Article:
Imagine you’re a farmer. Knowing that wild bees help out with pollination, and that they fare much better in natural or semi-natural landscapes than in fully farmed ones, you’ve set aside a portion of your fields to grow native plants where they can live.
This, you think, is a kind, environmentally-friendly, and business-savvy decision—a triple win. But every day when you go out to check on the bees, they’ve bypassed your crops completely, and are busily pollinating your neighbors’ fields. Your bees, it turns out, are moochers.
This kind of thing happens more often than you’d think. In a new paper in People and Nature, researchers dive deeper into the issue, and present a possible solution: What if people invested cooperatively in ecosystem services like bee pollination, the same way that we collectively pool other resources?
For their study, the researchers modeled the cost of setting aside land for bee habitat, the “private benefit” reaped by the farmer who did so, and the “external benefit” experienced by that farmer’s neighbors. They then subtracted the benefits from the costs. They based the variables in their analysis, such as crop values and bee habitat costs, on real figures from Yolo County, California. Farmers in Yolo County grow everything from almonds to wine grapes.
They found that “private costs of enhancements borne by landowners often exceed the benefits,” the authors write. In the models, only farmers with huge fields and highly pollinator-dependent crops were getting their money’s worth from giving some of their land over to bees. In contrast, “external net benefits… are always positive, because neighbors bear no enhancement costs.” In other words, when you make the generous choice to set land aside for bees, “it is often the collection of [your] neighbors that benefits,” rather than you.
But there were many cases, the researchers found, where the total benefits—yours and your neighbors’—outweighed the costs. In other words, if there was more cost-sharing too, everyone could come out ahead. Perhaps your neighbors could kick you some money in exchange for all the help the bees are providing. Or you could work together make a joint patch right on the border of your land. According to the researchers’ models, more than half of the farms in Yolo County could benefit from this kind of arrangement.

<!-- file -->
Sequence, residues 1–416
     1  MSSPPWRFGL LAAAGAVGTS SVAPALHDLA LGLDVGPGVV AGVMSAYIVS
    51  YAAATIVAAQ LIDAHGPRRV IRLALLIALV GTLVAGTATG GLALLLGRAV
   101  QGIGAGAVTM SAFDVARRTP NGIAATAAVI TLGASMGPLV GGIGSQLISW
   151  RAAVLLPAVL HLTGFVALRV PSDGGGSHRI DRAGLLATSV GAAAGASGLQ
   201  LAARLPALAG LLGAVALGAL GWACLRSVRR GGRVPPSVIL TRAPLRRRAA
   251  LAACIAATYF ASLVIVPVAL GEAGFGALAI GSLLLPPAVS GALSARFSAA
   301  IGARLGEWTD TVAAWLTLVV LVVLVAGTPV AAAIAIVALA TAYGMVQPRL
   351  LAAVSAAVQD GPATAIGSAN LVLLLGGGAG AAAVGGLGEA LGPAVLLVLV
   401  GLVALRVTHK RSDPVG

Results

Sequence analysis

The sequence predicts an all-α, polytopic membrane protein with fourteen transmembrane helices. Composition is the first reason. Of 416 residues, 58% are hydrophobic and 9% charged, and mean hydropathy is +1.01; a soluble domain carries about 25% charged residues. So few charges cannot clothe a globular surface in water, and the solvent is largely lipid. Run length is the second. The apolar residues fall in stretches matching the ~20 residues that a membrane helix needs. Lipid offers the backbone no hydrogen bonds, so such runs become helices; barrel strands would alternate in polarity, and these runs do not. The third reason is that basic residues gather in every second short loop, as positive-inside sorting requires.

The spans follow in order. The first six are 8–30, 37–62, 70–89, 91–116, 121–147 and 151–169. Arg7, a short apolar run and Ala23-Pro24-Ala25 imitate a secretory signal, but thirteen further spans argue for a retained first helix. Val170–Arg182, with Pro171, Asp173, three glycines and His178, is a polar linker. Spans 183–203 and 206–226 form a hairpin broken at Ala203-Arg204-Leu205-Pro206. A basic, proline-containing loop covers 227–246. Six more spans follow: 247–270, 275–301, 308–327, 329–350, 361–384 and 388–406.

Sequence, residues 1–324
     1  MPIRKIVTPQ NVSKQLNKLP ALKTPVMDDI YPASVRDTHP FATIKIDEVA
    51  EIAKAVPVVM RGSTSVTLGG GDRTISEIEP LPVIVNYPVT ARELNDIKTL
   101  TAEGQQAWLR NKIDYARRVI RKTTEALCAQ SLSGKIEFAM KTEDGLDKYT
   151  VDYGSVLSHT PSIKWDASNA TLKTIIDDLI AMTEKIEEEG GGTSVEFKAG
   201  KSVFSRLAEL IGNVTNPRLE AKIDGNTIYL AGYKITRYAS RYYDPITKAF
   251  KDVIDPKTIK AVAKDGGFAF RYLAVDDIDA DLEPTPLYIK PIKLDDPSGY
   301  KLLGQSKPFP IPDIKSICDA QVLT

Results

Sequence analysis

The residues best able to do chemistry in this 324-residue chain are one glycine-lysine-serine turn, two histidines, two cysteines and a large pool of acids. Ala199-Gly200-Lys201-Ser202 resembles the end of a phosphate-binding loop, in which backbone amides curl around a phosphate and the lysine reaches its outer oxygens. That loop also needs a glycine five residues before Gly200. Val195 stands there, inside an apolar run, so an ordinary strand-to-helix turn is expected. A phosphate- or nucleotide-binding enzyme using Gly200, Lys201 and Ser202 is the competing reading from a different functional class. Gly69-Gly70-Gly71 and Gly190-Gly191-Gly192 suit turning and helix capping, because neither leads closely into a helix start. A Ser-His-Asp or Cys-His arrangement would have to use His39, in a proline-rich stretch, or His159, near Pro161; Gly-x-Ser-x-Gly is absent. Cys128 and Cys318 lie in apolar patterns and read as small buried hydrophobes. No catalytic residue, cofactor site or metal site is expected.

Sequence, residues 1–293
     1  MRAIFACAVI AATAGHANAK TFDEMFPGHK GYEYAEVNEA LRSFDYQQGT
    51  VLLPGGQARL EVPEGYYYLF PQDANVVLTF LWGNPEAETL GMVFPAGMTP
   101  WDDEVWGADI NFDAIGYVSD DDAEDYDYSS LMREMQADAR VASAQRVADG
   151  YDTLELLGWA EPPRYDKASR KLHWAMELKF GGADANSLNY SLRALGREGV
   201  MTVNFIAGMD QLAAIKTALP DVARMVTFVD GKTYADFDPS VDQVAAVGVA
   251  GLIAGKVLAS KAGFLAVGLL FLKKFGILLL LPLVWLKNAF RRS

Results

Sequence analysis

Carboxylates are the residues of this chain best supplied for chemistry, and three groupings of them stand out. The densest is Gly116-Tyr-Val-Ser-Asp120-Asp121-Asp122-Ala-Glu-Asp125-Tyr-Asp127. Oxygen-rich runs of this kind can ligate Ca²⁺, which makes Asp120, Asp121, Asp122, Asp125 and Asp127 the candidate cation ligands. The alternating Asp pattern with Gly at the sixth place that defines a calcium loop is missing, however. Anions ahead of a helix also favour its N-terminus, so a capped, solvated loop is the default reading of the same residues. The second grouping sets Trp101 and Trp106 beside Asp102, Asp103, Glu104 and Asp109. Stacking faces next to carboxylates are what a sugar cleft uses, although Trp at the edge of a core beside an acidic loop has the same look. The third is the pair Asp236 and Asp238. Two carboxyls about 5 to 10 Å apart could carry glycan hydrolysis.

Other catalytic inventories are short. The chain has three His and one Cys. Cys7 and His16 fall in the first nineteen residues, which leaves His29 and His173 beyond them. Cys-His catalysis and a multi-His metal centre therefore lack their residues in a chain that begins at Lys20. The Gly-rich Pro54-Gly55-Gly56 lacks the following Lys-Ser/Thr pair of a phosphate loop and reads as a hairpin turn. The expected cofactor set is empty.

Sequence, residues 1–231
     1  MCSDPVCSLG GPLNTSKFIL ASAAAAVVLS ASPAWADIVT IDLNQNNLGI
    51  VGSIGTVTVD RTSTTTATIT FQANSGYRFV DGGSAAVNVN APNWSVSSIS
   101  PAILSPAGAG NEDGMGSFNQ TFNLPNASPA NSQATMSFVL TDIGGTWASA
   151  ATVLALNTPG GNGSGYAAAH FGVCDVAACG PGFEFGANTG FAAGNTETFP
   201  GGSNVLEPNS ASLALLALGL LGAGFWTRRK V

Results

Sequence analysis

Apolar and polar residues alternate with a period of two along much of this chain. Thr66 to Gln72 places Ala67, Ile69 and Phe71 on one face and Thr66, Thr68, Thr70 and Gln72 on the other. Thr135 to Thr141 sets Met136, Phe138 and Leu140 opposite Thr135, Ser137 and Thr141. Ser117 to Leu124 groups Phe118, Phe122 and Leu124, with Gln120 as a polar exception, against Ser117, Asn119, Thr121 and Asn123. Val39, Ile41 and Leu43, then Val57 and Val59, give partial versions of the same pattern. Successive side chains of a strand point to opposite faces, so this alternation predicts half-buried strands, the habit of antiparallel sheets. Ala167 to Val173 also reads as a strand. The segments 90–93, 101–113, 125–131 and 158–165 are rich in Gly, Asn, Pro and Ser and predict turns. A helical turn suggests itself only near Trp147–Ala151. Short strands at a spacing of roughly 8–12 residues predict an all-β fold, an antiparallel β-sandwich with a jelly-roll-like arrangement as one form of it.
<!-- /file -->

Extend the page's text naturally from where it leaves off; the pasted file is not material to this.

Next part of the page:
As the researchers point out, such concerns aren’t unique to this prodigal bee scenario. A pair of households on a river, one upstream and one downstream, must work out fair rules for water usage. Landowners may weigh the pros and cons of setting aside some of their property to safeguard endangered species in exchange for a tax break.
It also provides an interesting framework with which to look at the many environmental entanglements we all find ourselves in. In many cases, the outcome is the opposite — private benefits outweigh private costs, while the external costs are huge. Think of factory farming, which creates cheap meat at the expense of animal welfare and public health. Or climate change: certain countries reap the rewards of inexpensive energy, while others are wind-battered, parched and flooded by the effects of their emissions.
To make truly responsible assessments about what things cost, and what is worth it, we must take as many of these contingencies as possible into account. A small bee-centric case is a good first step.